Jeff Jacoby, a conservative columnist at the liberal Boston Globe, addresses the left's latest effort to subvert the republic that our founders so carefully constructed in his Sunday commentary:
IT IS Election Night, 2012. The polls have closed. State by state, the votes are being counted, and gradually it becomes clear, to the bottomless horror of some voters and the unbridled delight of others, that Sarah Palin, the Republican presidential nominee, has bested President Barack Obama in the popular vote nationwide.Read this Jeff Jacoby op-ed unabridged here.
In Massachusetts, where Obama crushed Palin in a 79 percent landslide — the most lopsidedly anti-Palin vote of any state — “bottomless horror’’ doesn’t begin to describe the political reaction. For in 2010, Massachusetts joined the National Popular Vote compact, making a commitment to cast all of its electoral votes for the presidential candidate receiving the most votes nationally, regardless of the results in Massachusetts. The compact took effect in December 2011, when California became the 15th state to join, thereby uniting enough states to control a majority of the Electoral College. Now Massachusetts, the bluest of the blue states, must award its presidential electors to a candidate Massachusetts voters overwhelmingly opposed.
. . .Well, that’s one scenario. Maybe it won’t be Sarah Palin, maybe it won’t be 2012, but sooner or later a Republican is going to win the largest number of votes in a presidential election, and that Republican probably isn’t going to carry Massachusetts. What will Bay State liberals and Democrats say when the National Popular Vote compact that so many of them endorsed requires Massachusetts electors to line up behind the Republican? Imagine if Massachusetts had been compelled to give its electoral votes in 1972 not to George McGovern, but to Richard Nixon. Or to the first George Bush in 1988, instead of Michael Dukakis. Or to George W. Bush, not John Kerry, in 2004.
As the National Popular Vote bill was making its way through the state Legislature last month, Senator Thomas Kennedy, chairman of the Election Laws Committee, warned opponents against trying to block it. “We’re committed to this,’’ he said. “It’s the will of the people.’’ The will of which people? Not the people of Massachusetts: The whole point of this scheme is to frustrate their will. From now on, anytime Massachusetts voters march to the beat of a different political drummer than most of their countrymen, the National Popular Vote compact will make sure their votes don’t count.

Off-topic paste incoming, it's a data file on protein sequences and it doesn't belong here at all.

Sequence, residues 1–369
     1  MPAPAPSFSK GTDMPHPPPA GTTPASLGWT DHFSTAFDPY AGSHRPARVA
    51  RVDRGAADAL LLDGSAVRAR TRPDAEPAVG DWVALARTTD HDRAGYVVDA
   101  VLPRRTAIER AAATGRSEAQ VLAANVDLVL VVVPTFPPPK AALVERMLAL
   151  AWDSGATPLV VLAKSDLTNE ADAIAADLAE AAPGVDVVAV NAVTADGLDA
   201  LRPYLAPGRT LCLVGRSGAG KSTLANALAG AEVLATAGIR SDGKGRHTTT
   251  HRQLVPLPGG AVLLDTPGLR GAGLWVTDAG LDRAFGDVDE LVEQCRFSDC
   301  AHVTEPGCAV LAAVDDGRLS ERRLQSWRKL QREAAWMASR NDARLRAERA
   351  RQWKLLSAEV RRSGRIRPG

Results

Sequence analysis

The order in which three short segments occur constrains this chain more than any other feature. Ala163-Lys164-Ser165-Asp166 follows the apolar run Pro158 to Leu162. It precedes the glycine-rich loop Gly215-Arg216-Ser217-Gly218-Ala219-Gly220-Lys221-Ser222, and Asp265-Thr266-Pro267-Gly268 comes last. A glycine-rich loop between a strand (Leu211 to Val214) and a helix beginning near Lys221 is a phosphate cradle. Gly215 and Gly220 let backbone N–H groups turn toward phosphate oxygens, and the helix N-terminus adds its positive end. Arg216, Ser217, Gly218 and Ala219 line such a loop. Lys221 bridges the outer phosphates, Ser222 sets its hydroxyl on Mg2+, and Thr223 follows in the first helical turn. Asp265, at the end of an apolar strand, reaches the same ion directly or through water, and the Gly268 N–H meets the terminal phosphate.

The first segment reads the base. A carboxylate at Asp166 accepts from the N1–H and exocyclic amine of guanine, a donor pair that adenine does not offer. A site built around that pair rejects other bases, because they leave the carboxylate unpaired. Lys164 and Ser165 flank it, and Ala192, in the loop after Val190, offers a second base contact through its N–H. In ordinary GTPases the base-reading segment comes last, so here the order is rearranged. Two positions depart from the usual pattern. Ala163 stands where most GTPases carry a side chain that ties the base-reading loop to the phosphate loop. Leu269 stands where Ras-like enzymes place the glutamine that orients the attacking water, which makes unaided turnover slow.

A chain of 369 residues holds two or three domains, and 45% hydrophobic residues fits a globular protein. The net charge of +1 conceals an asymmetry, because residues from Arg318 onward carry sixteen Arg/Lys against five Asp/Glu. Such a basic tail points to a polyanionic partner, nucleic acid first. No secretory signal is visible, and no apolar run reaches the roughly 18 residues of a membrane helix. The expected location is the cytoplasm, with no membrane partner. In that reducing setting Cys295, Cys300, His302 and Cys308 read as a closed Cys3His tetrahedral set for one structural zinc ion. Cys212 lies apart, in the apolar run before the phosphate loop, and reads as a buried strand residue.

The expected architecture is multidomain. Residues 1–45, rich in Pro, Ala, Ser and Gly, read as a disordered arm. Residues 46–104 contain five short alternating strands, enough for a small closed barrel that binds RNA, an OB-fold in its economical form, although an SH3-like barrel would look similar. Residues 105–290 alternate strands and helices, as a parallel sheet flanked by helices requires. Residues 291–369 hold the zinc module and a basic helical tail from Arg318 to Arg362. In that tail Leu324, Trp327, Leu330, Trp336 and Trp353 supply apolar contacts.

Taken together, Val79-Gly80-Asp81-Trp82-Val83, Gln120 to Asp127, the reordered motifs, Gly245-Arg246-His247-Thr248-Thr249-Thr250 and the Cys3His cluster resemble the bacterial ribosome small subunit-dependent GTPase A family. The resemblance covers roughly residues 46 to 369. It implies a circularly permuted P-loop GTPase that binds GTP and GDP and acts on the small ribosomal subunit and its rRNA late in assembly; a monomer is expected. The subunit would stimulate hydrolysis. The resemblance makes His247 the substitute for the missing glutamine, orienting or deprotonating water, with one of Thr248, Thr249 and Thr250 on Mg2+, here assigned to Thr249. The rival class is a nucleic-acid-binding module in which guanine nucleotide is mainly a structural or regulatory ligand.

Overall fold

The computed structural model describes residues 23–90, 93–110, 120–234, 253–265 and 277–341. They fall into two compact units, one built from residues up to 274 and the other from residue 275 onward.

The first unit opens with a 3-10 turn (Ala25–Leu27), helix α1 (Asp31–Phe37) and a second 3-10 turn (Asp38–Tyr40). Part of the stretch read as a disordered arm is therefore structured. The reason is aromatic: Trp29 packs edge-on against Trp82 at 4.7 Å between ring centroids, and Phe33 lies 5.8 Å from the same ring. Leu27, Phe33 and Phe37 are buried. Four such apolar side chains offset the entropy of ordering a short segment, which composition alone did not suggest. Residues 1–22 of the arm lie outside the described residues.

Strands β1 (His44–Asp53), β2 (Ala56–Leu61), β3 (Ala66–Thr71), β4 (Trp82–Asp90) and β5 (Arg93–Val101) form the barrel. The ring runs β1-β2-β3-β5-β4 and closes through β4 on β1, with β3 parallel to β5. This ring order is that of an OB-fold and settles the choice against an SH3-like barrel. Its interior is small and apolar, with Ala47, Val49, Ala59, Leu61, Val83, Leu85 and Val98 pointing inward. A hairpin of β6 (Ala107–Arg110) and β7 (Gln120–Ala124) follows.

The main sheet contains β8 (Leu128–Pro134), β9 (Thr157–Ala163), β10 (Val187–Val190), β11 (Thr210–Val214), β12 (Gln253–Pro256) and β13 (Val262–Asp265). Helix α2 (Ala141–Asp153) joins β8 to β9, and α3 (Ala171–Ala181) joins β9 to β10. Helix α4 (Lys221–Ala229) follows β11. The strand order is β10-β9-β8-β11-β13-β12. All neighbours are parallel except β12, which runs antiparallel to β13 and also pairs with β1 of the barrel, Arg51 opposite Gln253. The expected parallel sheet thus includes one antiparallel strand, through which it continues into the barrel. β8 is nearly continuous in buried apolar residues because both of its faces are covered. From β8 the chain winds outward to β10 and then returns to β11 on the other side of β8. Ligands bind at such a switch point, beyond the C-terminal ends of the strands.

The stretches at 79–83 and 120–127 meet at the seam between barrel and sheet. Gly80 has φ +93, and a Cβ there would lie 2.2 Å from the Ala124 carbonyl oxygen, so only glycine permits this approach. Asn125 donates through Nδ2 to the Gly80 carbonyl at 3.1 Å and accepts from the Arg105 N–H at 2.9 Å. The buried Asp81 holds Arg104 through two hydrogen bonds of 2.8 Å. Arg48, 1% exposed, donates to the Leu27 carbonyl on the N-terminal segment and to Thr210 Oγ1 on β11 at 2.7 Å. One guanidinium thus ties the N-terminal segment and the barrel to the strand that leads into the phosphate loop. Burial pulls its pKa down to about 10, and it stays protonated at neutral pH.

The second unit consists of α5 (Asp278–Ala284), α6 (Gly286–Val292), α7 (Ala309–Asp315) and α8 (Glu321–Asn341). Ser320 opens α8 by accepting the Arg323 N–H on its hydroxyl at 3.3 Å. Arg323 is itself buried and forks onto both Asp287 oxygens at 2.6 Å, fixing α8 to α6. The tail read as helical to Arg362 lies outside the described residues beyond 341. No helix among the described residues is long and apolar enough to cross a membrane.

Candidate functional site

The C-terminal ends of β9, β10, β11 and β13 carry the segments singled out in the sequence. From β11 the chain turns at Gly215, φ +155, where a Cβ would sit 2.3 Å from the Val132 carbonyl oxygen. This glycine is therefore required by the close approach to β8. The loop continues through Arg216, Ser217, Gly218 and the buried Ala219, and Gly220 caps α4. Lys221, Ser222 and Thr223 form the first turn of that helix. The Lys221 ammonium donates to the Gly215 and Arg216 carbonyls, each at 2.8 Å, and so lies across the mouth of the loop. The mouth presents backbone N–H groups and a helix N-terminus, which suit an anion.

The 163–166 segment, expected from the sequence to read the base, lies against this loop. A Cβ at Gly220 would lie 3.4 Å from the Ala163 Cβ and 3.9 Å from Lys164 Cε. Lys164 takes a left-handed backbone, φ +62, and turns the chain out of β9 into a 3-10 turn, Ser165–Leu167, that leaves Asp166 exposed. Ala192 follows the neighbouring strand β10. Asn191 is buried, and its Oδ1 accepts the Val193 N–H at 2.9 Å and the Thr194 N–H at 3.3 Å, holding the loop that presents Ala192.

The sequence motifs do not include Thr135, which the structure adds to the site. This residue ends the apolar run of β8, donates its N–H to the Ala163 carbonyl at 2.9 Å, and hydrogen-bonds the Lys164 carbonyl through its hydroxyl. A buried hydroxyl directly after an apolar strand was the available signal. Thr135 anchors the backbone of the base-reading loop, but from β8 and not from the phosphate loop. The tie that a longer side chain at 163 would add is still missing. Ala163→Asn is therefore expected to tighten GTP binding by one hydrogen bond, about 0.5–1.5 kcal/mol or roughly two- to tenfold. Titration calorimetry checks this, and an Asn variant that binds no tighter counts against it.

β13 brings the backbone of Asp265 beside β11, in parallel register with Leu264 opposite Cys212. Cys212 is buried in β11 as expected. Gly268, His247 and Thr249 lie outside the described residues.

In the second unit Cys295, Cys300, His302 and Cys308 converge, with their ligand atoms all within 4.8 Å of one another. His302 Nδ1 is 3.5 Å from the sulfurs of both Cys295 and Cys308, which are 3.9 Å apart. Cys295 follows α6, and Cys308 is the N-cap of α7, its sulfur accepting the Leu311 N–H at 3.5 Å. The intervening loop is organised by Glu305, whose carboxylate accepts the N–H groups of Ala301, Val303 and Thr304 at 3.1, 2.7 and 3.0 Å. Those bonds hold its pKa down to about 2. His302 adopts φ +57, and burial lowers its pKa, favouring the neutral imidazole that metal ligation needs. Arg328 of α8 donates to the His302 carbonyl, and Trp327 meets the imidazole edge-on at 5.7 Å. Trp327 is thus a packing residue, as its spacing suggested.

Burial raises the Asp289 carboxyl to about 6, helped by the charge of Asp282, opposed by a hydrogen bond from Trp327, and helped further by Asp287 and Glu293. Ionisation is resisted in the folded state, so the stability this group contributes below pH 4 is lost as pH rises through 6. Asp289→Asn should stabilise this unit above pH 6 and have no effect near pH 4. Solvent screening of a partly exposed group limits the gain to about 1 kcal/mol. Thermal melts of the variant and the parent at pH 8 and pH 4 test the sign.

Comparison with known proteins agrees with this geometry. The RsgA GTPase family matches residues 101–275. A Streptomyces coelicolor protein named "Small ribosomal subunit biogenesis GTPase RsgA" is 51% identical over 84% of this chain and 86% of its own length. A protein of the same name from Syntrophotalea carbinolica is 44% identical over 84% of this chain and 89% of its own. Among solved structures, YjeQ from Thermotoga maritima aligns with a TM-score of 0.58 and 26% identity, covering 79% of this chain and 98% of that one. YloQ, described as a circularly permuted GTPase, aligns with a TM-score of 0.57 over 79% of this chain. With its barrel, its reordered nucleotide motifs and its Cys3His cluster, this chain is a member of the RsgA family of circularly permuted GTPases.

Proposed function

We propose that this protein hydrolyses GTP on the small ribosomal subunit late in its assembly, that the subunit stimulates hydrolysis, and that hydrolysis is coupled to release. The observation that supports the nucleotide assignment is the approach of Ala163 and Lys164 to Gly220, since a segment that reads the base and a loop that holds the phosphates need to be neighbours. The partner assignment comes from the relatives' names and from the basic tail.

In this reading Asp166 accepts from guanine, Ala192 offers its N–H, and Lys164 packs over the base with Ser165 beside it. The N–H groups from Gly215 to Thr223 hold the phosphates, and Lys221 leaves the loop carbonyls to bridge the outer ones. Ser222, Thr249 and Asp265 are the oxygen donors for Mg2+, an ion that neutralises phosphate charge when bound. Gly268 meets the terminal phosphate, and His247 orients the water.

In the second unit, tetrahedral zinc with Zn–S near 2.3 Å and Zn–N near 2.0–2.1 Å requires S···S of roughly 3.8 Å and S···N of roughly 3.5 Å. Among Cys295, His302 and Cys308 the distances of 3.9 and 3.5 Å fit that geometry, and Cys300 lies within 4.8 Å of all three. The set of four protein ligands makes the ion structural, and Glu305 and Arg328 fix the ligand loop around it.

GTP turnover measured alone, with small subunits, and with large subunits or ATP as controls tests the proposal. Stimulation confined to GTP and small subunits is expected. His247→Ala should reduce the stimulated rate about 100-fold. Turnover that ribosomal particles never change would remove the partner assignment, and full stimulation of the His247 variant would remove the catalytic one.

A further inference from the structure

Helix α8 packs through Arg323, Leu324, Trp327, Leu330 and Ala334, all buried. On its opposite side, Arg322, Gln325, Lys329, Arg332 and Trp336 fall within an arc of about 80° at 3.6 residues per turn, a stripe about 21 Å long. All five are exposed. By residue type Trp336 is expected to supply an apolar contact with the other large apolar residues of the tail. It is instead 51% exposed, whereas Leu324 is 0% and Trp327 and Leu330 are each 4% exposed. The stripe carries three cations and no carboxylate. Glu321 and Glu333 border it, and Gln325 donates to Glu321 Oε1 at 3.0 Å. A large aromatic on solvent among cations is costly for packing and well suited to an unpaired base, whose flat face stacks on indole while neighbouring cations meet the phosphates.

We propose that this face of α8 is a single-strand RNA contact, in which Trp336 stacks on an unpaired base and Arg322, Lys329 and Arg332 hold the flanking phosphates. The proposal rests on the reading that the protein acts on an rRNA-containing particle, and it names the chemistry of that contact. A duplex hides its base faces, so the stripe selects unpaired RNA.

Massachusetts is the sixth state to approve this end run around the Constitution, following Illinois, New Jersey, Hawaii, Maryland, and Washington. It is no coincidence that all six are Democratic strongholds. The movement is fueled by lingering Democratic resentment of George W. Bush, and of the Electoral College system that made him president in 2000, even though Al Gore drew more popular votes. It is a comical irony that if the compact ever goes into effect, its only practical impact in these states will be to occasionally award their presidential electors to the Republican nominees their voters reject.But the national popular vote total has no constitutional significance and never has...
Democrats talk about 2000 as though it represented some colossal subversion of democracy. “Something happened in the 2000 presidential election that should never be permitted to happen again,’’ writes Michael Dukakis in the Salem News. “The candidate who failed to win the popular vote became president of the United States.’’
Related: Paul Greenberg explains why casting aside the electoral college is not only a bad idea, but a dangerous one:
Edmund Burke tried to tell us: "The Constitution of a State is not a problem of arithmetic." Rather, it is a way to take into account the many dimensions of an electorate and forge a consensus that is greater than all its parts. That's where the Electoral College comes in. It may be an antique piece of clockwork, but it performs a valuable function within all the gears and levels of our constitutional system. It needs to be saved, not sacrificed to an empty slogan.In our view, one of the best arguments against turning our backs on the wisdom of the founders is that so far, the only states to approve the compact are the bluest of blue states. If the left has its way, it will destroy this republic.